Ebony is our 10 year old thoroughbred. She was gifted to us, we, the never had a horse before city folk. My wife so wanted her in our lives. So be it. As with most choices made in my life, the best ones have come to me when I have allowed them to.
She runs. That’s what she likes to do. Who she is. Her head cloud high, striding like a Chopin prelude with all muscles woven in beats per minute sync, she looks to me, though there is no such thing, perfect. If I may indulge only my perspective for this moment in describing her, she looks happiest to me when she runs, as if into herself. Selfishly, just standing there watching her run, I understand something. My sense of her. Ebony, being Ebony.
She is dependant on us for many things. Among them, food and fluid. We deliver them to her mostly on time. Should we be late with them as we sometimes are, Ebony doesn’t seem to mind. Much. With each of us, she has a way. Around my wife, she is calm and allowing. Petting and stroking is most welcomed and relaxed. With me, she likes to snuggle her face all around mine, circling my shoulders and neck for minutes, both of us kissing each others breath. Are these things as essential as her food and fluid?
She likes the sprinklers in the summer, rolling on the ground and telling us in no uncertain terms that another apple would be nice. Please. No convincing.
Every week she ‘back doors’ four wheel barrows full. One of our neighbors detests the telling aroma. We do not mind either our neighbor’s telling looks or the aroma of her weekly bio piles. Others in our neighborhood and a few local friends are grateful. They have gardens.
So what do we depend on from Ebony? To pull a plow? Nope. To win races? Nope. To take us on glorious excursions over the nearby hills? Nope. To protect us from local gargoyles? Nope.
What we do depend on…..is each other. To live. To take care of. To be taken care of. Simply, to be. You could argue she is more dependent on us than we on her. I would argue that’s beside the point. Get my point?
It has dawned on me a that as of late, I have been getting lost, caught up, sideswiped by my own self and in general terms, way too immersed in all that I have been digesting about our sphere gone mad, then posting on it here and there, and that quite frankly, I am showing signs that as I have been learning so much more, I have been noticing so much less.
It got me wondering about the yin yang of how we rely on our honoring and labeling of our given or accorded knowledge on a given subject and also, how we define and come to regard what we claim as our intelligence. To me, it’s only vainly measurable, like it would be in attempting to guesstimate how many red people live inside a red balloon.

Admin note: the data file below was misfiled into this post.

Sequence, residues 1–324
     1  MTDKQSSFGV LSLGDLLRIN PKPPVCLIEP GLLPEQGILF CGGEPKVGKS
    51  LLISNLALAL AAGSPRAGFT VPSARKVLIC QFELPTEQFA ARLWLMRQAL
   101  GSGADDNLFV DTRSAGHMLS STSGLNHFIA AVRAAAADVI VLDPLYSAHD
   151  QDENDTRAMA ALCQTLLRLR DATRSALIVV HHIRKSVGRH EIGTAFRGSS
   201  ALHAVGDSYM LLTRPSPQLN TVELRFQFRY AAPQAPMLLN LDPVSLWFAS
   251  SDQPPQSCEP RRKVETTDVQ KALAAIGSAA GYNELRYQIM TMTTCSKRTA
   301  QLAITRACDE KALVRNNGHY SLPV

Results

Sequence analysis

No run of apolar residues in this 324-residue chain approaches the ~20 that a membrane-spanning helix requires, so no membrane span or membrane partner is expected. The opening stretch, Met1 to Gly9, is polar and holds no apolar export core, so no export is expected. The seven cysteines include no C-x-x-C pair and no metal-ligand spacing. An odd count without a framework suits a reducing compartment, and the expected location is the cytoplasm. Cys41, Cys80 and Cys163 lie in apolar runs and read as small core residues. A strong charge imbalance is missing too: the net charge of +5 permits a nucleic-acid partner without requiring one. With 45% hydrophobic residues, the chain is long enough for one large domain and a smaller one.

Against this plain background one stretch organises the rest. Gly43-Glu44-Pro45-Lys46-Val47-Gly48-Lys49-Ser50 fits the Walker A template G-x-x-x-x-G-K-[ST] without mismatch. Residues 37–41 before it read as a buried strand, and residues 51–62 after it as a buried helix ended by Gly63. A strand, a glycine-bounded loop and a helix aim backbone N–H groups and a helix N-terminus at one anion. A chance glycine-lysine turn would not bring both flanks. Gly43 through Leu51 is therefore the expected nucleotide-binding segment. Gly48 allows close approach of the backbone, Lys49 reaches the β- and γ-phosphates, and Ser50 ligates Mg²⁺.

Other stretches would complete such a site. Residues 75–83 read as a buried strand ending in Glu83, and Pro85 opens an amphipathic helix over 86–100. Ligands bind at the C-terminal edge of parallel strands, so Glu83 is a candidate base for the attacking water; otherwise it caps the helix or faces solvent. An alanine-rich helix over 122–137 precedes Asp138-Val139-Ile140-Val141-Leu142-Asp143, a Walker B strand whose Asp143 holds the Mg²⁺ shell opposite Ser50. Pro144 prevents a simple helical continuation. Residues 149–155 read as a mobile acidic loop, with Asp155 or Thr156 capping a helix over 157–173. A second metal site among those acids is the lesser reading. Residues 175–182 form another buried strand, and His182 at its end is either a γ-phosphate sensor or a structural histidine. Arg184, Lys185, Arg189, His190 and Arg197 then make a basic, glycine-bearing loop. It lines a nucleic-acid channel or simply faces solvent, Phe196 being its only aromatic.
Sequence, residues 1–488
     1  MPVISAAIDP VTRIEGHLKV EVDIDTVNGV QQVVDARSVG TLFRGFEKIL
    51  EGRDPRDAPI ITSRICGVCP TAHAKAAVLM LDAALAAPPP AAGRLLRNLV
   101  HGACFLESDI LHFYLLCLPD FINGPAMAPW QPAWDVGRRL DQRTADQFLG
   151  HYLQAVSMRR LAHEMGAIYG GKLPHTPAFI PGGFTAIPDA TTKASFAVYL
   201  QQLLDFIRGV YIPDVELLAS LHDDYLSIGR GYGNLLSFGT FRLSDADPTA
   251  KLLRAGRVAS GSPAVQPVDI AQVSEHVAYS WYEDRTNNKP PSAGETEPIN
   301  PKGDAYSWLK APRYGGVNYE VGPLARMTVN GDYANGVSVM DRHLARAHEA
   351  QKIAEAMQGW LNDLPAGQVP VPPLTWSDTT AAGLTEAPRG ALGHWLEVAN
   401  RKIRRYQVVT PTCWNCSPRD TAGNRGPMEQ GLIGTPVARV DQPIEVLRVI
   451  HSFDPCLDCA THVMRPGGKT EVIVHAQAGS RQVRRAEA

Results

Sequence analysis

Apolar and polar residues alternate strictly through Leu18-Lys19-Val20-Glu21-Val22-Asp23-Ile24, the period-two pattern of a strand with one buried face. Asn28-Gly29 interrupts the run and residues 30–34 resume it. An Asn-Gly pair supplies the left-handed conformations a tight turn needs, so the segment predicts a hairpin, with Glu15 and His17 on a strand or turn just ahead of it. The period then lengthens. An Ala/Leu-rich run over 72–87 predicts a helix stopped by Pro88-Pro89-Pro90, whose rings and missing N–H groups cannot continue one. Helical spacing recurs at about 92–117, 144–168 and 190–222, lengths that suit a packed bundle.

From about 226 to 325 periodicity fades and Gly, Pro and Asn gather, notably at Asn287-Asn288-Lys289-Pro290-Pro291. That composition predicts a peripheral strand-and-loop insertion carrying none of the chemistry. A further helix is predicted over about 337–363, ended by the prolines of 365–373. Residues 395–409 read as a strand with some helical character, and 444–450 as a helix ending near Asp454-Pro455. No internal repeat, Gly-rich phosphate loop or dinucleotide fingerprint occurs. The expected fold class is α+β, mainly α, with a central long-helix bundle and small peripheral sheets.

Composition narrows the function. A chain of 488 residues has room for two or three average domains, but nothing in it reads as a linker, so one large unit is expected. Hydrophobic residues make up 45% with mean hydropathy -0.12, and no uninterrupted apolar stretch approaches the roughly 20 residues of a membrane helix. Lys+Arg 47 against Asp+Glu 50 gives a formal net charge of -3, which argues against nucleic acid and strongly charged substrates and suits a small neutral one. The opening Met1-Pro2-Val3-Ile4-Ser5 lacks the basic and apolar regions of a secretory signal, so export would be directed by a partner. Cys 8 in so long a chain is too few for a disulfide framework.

On the one hand, we give much weight to, and arguably so, those who are by their track record(s), duly qualified to be considered good owners of both (or not), by both their historical consistency and experience. Though a tried and proven system of seeking balance in practicing our version of making progress, I have found that in this system we have a bit of a blind spot. And mind you many times, not a small one. It is a spot where our knowledge and/or intelligence seduces us to always think first, leaving as a secondary or last resort our senses. Our ability to notice something new and many times a thing so simple, we are effectively fogged in by the weight of our past findings and proofs.
The enigma of this attempt here to explain myself is that as much as I would love to be able to convince you of something, or bring you closer to my way of seeing a given circumstance, I must accept that I myself, in making my argument(s), am essentially closing myself off from your very same wish to convince me of yours. Intelligent argument and historical proof are wonderful building blocks, but by themselves neglect to include our senses that often cannot be fitted into any column heading or filed by date or time.
Since the beginning, many of us have chosen a human mate even when our gathered knowledge and intelligence would suggest “Hey buddy, that might not be a good idea.” Something beyond our valued measurement sticks is at work here.
But One Enigma Example: Great trial lawyers are great trial lawyers not because they believe or know. It is because the best ones are prepared or willing for their knowledge to at some point be shattered.
In defending Patty Hearst, who was kidnapped, held hostage, then took on a physical role in committing crimes beside her captors, was then arrested and blamed for the crimes of her captors, F. Lee Bailey watched as his client handled a weapon in the courtroom as if she were born with it in her hands. His vision of the wronged little girl was for the moment, completely broken. In that instant, he himself admittedly thought all was lost. His personal belief in her innocence, based on the legal argument that one cannot be kidnapped against their will (stealing the princess from the castle), then effectively be recaptured and then be held singularly accountable for her captor’s crimes, was absolutely shattered. All his intelligence and knowledge of the law, its proceedings, precedents and statutes were relegated to a feeling of utter helplessness.
That she was eventually found guilty by the jury is not my basis for argument on the point I’m attempting to make. Poppa Hearst had deep pockets, and Mr. Bailey, though he has taken on pro bono cases, was not known as a humanity first lawyer. We could argue until we’re blue in the face about this. I have no desire to do so here. And won’t. My point is that relying on our knowledge and/or intelligence alone often keeps us from absorbing a better or more complete understanding of what is right in front of us. Our knowledge traces us. Our sense calls to us.
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